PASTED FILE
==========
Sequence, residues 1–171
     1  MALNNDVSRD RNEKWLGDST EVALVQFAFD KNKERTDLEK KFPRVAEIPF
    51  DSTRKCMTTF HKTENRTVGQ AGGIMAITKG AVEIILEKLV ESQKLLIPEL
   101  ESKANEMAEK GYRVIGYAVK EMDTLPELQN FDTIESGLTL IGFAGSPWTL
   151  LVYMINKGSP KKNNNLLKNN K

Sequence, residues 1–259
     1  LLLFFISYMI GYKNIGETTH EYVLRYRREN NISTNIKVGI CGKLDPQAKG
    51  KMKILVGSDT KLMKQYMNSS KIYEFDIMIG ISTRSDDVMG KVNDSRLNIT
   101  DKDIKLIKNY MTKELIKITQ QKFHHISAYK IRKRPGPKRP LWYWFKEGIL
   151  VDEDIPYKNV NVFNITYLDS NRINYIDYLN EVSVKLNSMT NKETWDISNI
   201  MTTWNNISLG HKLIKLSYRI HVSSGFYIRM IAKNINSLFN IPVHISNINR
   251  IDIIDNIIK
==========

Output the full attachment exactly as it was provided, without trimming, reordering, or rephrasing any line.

Sequence, residues 1–171
     1  MALNNDVSRD RNEKWLGDST EVALVQFAFD KNKERTDLEK KFPRVAEIPF
    51  DSTRKCMTTF HKTENRTVGQ AGGIMAITKG AVEIILEKLV ESQKLLIPEL
   101  ESKANEMAEK GYRVIGYAVK EMDTLPELQN FDTIESGLTL IGFAGSPWTL
   151  LVYMINKGSP KKNNNLLKNN K

Sequence, residues 1–259
     1  LLLFFISYMI GYKNIGETTH EYVLRYRREN NISTNIKVGI CGKLDPQAKG
    51  KMKILVGSDT KLMKQYMNSS KIYEFDIMIG ISTRSDDVMG KVNDSRLNIT
   101  DKDIKLIKNY MTKELIKITQ QKFHHISAYK IRKRPGPKRP LWYWFKEGIL
   151  VDEDIPYKNV NVFNITYLDS NRINYIDYLN EVSVKLNSMT NKETWDISNI
   201  MTTWNNISLG HKLIKLSYRI HVSSGFYIRM IAKNINSLFN IPVHISNINR
   251  IDIIDNIIK